On April 17, 2017, the Consumer Financial Protection Bureau filed suit in the Northern District of Ohio against Weltman, Weinberg & Reis Co., L.P.A. (“Weltman”), a debt collection law firm. The CFPB’s complaint alleges that the firm misrepresented the level of attorney involvement in its collection efforts in violation of the Fair Debt Collection Practices Act and the Dodd–Frank Wall Street Reform and Consumer Protection Act.
The CFPB alleges that Weltman sent demand letters and made collection phone calls that implied that the firm’s attorneys had reviewed consumer-specific information when that usually was not the case. According to the CFPB’s allegations, the firm’s attorneys usually did not review individual account information to verify a debt’s accuracy or to determine the appropriateness of litigation before Weltman sent demand letters or made collection calls. The CFPB also alleges that Weltman’s demand letters falsely implied that the letters were from attorneys.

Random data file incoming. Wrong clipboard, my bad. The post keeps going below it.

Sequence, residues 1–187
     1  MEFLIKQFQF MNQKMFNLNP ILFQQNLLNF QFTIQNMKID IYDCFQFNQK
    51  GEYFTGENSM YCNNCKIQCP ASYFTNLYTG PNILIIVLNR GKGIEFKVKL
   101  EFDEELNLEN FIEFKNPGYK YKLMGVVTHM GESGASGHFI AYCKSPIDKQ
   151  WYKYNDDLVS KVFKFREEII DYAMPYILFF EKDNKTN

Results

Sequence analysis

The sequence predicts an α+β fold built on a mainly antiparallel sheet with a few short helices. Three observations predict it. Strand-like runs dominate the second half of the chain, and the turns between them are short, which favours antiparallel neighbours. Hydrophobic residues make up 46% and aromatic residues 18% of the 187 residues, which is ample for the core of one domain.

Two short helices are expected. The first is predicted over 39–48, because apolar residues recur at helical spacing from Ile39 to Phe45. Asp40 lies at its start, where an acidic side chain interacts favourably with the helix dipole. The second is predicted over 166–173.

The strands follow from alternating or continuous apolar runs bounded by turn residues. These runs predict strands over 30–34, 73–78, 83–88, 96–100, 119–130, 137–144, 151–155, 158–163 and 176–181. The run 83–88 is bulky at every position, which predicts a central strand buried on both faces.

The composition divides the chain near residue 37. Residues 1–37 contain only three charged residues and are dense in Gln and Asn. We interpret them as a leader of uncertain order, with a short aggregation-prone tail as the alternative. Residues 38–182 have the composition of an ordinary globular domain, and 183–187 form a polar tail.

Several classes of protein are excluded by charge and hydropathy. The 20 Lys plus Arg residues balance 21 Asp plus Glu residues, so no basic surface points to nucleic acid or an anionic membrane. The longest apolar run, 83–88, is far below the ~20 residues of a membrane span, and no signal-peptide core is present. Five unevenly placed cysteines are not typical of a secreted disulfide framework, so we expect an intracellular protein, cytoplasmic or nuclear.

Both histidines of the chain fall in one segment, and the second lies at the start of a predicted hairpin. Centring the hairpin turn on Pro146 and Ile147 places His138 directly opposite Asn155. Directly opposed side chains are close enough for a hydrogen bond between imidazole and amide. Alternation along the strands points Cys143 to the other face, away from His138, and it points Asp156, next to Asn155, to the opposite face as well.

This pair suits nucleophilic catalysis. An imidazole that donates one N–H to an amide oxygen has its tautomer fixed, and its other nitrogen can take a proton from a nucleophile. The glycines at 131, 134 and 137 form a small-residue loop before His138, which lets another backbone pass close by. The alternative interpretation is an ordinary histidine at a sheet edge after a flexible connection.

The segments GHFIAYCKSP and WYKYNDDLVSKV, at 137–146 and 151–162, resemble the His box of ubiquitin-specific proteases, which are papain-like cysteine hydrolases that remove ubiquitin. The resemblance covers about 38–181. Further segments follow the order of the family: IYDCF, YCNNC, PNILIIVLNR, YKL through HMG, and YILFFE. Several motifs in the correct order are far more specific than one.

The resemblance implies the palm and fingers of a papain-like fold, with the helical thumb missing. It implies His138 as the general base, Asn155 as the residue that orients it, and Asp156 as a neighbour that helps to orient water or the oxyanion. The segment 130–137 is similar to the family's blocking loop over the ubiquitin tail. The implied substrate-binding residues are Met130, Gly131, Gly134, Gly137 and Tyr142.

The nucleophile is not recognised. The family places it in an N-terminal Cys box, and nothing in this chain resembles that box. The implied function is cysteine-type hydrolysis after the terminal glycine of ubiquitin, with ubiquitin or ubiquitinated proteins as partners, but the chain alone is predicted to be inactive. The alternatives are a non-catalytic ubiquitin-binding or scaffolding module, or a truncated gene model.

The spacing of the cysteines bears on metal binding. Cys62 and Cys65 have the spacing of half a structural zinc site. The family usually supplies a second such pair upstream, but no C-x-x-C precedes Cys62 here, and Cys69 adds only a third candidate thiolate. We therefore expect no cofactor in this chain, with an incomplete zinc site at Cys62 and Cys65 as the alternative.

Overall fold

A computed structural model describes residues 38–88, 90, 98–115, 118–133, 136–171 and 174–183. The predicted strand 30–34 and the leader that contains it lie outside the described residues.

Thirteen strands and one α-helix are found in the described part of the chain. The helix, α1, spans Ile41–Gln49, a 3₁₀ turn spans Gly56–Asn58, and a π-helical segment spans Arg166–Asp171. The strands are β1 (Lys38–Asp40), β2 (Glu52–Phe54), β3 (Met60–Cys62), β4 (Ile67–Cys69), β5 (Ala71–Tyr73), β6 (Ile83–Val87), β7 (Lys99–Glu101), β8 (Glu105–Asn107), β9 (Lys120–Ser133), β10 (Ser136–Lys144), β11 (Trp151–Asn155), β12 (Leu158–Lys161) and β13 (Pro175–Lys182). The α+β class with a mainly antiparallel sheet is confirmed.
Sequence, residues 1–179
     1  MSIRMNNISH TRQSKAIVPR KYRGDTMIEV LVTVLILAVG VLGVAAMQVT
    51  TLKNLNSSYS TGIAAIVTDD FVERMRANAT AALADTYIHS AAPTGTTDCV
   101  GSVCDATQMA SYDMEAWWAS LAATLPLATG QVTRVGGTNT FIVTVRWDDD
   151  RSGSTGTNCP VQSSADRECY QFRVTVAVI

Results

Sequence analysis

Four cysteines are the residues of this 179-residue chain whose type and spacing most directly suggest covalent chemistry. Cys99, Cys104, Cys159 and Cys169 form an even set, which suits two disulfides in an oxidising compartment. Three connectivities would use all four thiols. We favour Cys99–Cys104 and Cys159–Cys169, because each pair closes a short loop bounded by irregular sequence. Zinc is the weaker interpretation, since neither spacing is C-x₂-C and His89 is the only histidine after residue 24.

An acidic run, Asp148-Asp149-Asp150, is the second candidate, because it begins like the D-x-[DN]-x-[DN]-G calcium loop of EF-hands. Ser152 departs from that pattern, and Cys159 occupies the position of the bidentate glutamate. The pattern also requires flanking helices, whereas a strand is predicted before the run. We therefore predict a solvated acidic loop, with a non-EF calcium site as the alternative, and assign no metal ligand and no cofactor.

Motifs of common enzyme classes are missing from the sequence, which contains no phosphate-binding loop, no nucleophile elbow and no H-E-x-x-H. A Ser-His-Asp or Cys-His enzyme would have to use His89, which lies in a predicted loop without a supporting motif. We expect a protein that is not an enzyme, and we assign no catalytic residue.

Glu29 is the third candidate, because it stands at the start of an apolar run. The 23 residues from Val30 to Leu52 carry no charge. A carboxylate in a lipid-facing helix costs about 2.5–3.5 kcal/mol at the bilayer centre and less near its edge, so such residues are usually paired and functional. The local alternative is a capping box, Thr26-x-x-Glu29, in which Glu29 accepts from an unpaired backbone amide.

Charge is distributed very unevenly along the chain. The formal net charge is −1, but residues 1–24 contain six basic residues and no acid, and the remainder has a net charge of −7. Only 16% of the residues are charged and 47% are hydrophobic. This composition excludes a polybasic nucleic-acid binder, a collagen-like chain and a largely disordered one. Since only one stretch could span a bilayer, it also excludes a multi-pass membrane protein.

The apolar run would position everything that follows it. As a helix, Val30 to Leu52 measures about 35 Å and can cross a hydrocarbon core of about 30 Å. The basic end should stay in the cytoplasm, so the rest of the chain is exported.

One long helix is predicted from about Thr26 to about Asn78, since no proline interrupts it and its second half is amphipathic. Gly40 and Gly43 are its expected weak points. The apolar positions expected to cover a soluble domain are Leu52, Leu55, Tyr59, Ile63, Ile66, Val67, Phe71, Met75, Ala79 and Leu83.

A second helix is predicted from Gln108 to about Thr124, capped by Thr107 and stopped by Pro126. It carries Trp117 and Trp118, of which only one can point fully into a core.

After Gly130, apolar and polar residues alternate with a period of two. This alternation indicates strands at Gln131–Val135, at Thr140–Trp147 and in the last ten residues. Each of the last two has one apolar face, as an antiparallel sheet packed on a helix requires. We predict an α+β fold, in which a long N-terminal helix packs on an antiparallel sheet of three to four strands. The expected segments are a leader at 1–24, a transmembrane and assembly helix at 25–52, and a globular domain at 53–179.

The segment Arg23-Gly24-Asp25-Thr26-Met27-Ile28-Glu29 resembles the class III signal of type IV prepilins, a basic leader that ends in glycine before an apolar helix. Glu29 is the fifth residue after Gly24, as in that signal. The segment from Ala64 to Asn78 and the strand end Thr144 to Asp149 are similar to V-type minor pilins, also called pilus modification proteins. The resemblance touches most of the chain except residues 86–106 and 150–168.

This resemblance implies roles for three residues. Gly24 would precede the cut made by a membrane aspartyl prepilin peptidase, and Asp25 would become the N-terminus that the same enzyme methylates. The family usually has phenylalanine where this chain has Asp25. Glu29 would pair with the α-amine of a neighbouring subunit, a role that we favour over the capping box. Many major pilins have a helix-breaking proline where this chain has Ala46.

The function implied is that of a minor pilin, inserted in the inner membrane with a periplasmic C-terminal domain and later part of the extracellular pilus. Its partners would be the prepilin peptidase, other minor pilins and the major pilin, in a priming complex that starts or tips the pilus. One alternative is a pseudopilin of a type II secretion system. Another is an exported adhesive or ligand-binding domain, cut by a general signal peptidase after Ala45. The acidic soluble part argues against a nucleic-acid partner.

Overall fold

In a statement, CFPB Director Richard Cordray said that the firm’s communications created a false impression of a “level of authority and professional judgment” that is inconsistent with the level of review provided to each consumer’s file. Weltman responded in a statement that the firm was “truthful” and “factually accurate” in its debt collection communications, and charged that the CFPB’s actions were in response to Weltman’s refusal to be “strong-armed” into a consent order.
This is the second action the Bureau has brought against debt collection law firms this year. Earlier this year, the agency entered into a consent order with Works and Lentz, Inc., and Works and Lentz of Tulsa, Inc., alleging similar conduct.